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Discussion on: Explain the different popular Linux distros

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Mike Bybee • Edited

Others have given some great rundowns, so I'll instead give a specific warning. If you have a MacBook Pro with a Touch Bar, DO NOT choose the "Guided: Erase entire disk and install _____" option! This will format the EFI partition, which includes the firmware required to get the Touch Bar working AT ALL, and you'll have to reinstall MacOS before you can even initialize the Touch Bar for Linux.

You'll have to resort to manual partitioning, but it's not that scary if you just remember to leave the first partition (listed with a type of either "EFI" or "Fat32"), and your MacOS partition if you still want to boot to MacOS (likely APFS in 2020, but how it's labeled or recognized can vary between Linux installers). You'll need to create at minimum a Linux system partition (likely ext4 or BTRFS, with a mount point of /), and probably a swap partition (unlike other OSes, Linux typically uses a dedicated partition for swapping RAM to disk rather than a file) - you can do without this and only rely on RAM, but it's best to have it for stability. I also have a separate partition for /home (the Linux equivalent of MacOS's /Users folder), so I can keep my files and settings if I decide to wipe out the system partition and reinstall or install another Linux distro.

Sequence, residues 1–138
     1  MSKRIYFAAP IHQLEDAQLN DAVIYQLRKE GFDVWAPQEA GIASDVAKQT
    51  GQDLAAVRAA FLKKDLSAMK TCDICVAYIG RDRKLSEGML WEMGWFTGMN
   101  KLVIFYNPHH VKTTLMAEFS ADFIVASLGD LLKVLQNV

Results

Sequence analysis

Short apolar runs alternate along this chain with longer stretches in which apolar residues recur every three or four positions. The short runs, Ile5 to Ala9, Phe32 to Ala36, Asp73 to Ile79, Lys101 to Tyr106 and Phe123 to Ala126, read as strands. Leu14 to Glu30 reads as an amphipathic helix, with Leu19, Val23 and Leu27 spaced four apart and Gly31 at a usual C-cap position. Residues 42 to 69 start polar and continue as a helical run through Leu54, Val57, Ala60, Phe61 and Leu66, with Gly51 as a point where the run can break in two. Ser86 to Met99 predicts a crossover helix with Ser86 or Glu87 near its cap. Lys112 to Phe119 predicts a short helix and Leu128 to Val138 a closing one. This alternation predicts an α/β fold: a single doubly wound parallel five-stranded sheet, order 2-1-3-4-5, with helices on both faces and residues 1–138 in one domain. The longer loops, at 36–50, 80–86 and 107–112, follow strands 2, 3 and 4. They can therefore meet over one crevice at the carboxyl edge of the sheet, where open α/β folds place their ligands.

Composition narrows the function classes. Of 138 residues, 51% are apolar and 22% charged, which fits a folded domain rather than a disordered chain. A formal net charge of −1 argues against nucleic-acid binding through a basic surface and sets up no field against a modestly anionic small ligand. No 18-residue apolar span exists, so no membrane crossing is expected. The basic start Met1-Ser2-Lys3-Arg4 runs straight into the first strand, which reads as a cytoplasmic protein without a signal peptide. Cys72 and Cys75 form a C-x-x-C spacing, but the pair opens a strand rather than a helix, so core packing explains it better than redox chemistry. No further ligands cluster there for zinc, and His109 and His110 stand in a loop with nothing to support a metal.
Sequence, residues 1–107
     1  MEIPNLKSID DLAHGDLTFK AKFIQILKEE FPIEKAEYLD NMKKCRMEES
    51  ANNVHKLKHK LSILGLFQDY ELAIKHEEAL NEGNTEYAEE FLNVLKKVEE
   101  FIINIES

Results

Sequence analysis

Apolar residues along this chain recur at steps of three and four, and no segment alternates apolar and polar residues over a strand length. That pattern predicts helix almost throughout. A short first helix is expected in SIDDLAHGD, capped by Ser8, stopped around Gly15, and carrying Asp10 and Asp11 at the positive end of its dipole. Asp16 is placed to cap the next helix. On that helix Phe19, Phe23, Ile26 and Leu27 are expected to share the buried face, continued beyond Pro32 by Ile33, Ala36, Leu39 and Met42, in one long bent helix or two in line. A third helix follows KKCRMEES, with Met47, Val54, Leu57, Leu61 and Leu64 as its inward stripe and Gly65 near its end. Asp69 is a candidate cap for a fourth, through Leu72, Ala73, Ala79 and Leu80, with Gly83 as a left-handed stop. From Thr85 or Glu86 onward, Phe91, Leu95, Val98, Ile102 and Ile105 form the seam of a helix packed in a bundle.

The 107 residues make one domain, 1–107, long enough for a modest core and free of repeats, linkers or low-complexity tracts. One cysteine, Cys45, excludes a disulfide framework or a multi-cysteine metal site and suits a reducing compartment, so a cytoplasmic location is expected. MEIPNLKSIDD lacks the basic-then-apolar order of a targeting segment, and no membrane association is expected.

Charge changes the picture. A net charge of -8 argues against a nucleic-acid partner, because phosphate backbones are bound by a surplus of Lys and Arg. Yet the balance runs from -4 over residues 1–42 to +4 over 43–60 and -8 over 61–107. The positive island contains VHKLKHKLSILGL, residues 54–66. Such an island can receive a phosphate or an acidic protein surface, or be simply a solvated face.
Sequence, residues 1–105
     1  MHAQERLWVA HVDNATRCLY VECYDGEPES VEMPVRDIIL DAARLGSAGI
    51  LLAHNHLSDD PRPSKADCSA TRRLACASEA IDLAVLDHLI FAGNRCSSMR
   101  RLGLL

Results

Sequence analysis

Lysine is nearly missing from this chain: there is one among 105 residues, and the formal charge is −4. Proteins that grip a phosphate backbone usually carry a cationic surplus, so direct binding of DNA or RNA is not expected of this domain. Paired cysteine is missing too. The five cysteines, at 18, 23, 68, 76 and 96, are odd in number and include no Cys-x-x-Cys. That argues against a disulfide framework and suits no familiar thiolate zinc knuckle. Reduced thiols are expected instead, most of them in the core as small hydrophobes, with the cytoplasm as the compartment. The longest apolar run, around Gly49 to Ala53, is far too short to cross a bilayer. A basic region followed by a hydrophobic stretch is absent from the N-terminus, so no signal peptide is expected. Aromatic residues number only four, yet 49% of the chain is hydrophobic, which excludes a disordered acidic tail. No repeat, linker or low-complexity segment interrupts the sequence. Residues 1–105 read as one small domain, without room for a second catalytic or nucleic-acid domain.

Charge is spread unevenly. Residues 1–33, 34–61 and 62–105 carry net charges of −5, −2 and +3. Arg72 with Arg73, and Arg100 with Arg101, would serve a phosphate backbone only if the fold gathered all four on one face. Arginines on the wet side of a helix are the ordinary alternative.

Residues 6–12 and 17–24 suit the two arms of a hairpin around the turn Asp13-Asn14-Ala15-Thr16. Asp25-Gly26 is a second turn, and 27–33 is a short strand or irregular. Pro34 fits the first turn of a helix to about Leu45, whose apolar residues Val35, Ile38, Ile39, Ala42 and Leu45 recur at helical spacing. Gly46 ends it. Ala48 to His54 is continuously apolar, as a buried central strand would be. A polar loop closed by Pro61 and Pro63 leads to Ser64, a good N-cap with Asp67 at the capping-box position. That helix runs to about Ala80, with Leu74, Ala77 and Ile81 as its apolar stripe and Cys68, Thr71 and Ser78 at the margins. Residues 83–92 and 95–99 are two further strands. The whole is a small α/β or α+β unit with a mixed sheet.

Once Linux is installed, you'll need some kernel modules for Touch Bar. There's an aur package for Arch and Arch-based distros, but it didn't activate the Touch Bar the last few times I tried installing it. Fortunately, there's a GitHub repo for that which makes it easy to install with DKMS support so it gets applied to every kernel update: Note that only esc, media keys and function keys are supported on the Touch Bar in Linux.

Some other things are needed as well, such as a text file to get better WiFi support (and to get 5GHz working at all).

For more information on getting Linux running on an MBP Touch Bar model, the following links are extremely helpful: